Cardiac innervation, neonatal electrocardiography, and SIDS. A key for a novel preventive strategy?

P. J. Schwartz, A. Segantini

Research output: Contribution to journalArticlepeer-review

Abstract

The present decade is finally witnessing large and controlled prospective studies designed to test specific mechanisms proposed for SIDS. The respiratory and the cardiac mechanisms are not at all mutually exclusive, as a defect in the control of respiration may trigger a lethal cardiac arrhythmia, given the appropriate substrate (decreased cardiac electrical stability). These two mechanisms seem to be the largest contributors to the whole of SIDS, even if their respective importance still remains to be quantified. It would be logical to concentrate the research efforts on them before extensively investigating other, less likely possibilities. It is important that the idea of the multifactorial origin of SIDS, with all of its implications, be accepted by the interested investigators. One critical implication is the factor that SIDS will never be completely eliminated, because it will be impossible to deal appropriately with all its potential causes. On the other hand, important and rewarding success may be achieved by progressively removing, after appropriate identification, those factors that produce a substantial number of SIDS deaths. The concepts and data presented here indicate that the sympathetic imbalance hypothesis, although not yet proven, has gained plausibility on the basis of current knowledge. The potential for the early identification of some future SIDS victims and the likelihood, if the hypothesis is correct, of developing an effective and safe preventive strategy make even more necessary an accurate and unbiased evaluation of the cardiac hypothesis.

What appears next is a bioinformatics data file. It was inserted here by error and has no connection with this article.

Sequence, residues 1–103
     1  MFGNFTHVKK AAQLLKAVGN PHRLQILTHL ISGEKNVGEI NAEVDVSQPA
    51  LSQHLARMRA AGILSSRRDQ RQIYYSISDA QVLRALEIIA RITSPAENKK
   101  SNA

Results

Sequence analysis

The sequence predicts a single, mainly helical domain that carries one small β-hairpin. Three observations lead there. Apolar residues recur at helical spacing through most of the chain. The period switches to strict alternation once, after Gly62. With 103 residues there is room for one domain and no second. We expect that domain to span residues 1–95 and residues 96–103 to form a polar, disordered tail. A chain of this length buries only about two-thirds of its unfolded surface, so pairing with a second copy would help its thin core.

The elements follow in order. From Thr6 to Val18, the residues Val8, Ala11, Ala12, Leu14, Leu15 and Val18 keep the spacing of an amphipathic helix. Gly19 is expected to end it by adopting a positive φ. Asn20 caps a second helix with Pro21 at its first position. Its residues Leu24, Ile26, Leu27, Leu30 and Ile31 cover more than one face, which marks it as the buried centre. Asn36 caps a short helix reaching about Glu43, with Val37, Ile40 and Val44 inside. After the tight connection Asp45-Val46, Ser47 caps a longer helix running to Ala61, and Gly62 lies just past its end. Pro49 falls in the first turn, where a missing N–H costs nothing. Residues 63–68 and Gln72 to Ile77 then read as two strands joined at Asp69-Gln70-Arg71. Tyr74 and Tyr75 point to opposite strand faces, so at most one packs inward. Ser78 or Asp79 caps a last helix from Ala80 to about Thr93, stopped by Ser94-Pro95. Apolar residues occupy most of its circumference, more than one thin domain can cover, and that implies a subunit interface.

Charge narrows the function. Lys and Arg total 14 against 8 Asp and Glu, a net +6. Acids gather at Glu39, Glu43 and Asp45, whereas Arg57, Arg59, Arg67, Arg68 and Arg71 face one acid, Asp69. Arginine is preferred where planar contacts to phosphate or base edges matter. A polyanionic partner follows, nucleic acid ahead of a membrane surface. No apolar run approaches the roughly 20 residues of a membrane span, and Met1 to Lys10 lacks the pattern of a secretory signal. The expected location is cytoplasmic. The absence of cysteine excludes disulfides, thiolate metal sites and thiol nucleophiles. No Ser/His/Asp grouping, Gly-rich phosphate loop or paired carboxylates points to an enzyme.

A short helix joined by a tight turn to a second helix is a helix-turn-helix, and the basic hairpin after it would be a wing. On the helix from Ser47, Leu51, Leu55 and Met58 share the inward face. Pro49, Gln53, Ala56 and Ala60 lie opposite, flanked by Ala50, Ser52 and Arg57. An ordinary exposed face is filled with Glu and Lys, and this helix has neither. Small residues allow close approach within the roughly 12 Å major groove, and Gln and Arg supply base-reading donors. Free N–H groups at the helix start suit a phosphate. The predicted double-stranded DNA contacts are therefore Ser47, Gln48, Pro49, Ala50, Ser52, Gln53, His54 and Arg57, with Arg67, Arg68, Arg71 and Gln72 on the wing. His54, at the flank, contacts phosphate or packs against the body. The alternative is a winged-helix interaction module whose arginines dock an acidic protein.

Original languageEnglish
Pages (from-to)210-220
Number of pages11
JournalAnnals of the New York Academy of Sciences
Volume533
Publication statusPublished - 1988

ASJC Scopus subject areas

  • Biochemistry, Genetics and Molecular Biology(all)

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